Hunter S. Thompson was born in 1937 in Louisville, Kentucky. His father died when he was just 14 driving his mother to alcoholism and leaving his family in poverty. Hunter found escape in athletics and petty crimes. At age 16, he was jailed for 60 days for robbery which prevented him from graduating high school. Aimless and desperate he enlisted in the Air Force. After serving two years, he took night classes in creative writing.
In 1963 Thompson married Sandra Conklin and the two settled in San Francisco. Thompson immersed himself in California drug and hippie culture and began writing for the Berkeley underground paper The Spyder. In 1965, The Nation magazine paid Thompson to spend a year riding with the Hell's Angels and writing about his experiences. The Angels demanded a share of Thompson's fees. When he refused they gave him a savage beating. His subsequent book Hell's Angels: The Strange and Terrible Saga of the Outlaw Motorcycle Gangs became a huge success.
In 1967, Thompson and his wife bought a home in Woody Creek, Colorado. Thompson was deeply impacted by the assassinations of Martin Luther King and Robert Kennedy and the police beatings of protesters at the 1968 Democratic Convention. His words became more political and incendiary and his writing style became personal, rambling and manic. The journalist Bill Cardoso labeled this new subjective style as Gonzo Journalism.
In 1971, Rolling Stone magazine hired Thompson to write about the killing of journalist Ruben Salazar by the LA Sheriff's Department. Thompson decided to leave racially-charged Los Angeles and drive to Las Vegas with Mexican-American activist Oscar Acosta. Thompson's impressionistic account of this road trip became his greatest book, Fear And Loathing In Las Vegas. The novel is a hilarious drug-filled, hallucinatory rumination on the failure of 1960's counterculture and the "death of the American Dream." Fear And Loathing made Thompson a literary sensation.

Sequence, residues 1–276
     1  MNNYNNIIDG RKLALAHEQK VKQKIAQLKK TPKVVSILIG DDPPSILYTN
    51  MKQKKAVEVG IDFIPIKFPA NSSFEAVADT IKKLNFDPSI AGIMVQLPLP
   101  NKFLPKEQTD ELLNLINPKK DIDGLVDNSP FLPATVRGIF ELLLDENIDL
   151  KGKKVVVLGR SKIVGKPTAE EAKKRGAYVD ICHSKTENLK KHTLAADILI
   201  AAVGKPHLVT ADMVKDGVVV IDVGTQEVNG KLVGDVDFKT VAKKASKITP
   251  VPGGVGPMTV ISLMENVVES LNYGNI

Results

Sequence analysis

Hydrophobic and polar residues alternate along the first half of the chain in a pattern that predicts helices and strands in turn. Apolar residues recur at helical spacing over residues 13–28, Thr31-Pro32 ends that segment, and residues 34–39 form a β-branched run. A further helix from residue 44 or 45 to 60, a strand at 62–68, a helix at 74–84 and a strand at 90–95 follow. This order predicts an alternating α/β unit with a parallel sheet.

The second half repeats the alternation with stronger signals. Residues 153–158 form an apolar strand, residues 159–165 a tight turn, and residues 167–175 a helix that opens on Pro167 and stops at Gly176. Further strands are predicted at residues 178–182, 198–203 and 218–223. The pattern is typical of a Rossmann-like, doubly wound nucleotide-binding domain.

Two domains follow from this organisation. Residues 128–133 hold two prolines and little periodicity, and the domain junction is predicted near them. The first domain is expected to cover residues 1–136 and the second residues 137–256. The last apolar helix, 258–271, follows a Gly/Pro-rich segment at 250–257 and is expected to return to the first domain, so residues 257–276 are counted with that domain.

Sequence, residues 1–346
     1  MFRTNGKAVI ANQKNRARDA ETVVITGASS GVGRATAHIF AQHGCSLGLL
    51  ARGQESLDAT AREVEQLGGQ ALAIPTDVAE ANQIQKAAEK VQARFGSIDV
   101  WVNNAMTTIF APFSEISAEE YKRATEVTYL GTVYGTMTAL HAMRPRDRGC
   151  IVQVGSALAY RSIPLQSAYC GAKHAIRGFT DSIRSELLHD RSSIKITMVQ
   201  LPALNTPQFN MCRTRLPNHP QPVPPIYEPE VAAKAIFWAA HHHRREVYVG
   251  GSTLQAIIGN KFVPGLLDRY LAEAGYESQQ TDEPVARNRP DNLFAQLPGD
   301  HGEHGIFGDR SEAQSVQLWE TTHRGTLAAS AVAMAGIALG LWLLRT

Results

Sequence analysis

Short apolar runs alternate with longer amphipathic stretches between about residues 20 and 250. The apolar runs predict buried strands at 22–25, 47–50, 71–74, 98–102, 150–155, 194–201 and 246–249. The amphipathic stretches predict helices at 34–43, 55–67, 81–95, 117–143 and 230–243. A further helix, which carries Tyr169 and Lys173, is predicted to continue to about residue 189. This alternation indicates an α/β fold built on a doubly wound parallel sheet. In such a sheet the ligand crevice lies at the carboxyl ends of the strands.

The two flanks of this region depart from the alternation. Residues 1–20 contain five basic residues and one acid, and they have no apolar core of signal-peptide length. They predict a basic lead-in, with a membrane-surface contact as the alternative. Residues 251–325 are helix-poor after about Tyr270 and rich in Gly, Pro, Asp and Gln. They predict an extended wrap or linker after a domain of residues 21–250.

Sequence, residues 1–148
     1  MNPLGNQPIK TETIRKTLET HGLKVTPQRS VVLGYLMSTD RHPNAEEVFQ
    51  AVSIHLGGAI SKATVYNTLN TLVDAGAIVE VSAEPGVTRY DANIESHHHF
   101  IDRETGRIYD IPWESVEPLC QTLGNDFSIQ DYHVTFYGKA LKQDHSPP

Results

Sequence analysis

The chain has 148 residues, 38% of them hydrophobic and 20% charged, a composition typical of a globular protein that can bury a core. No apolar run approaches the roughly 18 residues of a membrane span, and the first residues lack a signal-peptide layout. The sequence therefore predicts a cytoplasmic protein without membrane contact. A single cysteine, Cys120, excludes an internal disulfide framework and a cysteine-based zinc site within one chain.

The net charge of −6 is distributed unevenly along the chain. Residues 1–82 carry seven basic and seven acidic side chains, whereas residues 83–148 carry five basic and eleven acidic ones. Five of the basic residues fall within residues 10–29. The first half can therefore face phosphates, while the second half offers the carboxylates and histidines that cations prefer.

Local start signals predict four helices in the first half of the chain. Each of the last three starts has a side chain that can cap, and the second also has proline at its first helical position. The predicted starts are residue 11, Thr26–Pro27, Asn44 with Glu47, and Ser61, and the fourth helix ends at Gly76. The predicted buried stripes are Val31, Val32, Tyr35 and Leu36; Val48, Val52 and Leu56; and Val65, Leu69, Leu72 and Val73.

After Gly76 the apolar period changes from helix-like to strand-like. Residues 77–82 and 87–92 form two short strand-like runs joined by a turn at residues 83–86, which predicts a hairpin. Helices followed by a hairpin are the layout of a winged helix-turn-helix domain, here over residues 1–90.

Thompson followed this up with Fear And Loathing On the Campaign Trail about his time covering the 1972 presidential campaign. Thompson became a vicious critic of Richard Nixon whom Thompson described as a man "who could shake your hand and stab you in the back at the same time." After Nixon's death, Thompson wrote "he was evil in a way that only those who believe in the physical reality of the Devil can understand."
In 1980 Thompson and his wife divorced. Thompson became more isolated and fixated on firearms. His substance abuse continued and his behavior became increasingly bizarre. In 1981, he was arrested for drunk driving and "raving" at a Colorado state trooper. He visited Jack Nicholson's house with a massive amplifier and broadcast the sound of a pig being eaten alive by bears while shooting a 9mm semi-automatic rifle at Nicholson's home.
Editors began critiquing the shoddy quality of Thompson's work. Fans also complained that he was simply regurgitating his early work. Celebrities like Bill Murray and Johnny Depp made movies of Thompson's books which fueled the "gonzo myth." But personally Thompson continued to struggle. In 1990, he was accused of sexual assault at his Colorado home. Charges were dismissed though a search of his property turned up a large volume of drugs and a stash of dynamite. In 2000, Thompson accidentally shot his assistant Deborah Fuller after "mistaking her for a bear" (she lived).
In 2005, plagued by chronic and painful medical conditions, Thompson took his own life by shooting himself in the head. At his funeral his ashes were shot out of a massive cannon with red white and blue fireworks while Norman Greenbaum's song "Spirit In The Sky" played in the background. Johnny Depp paid for the funeral expenses. (woodcuttingfool.blogspot.com)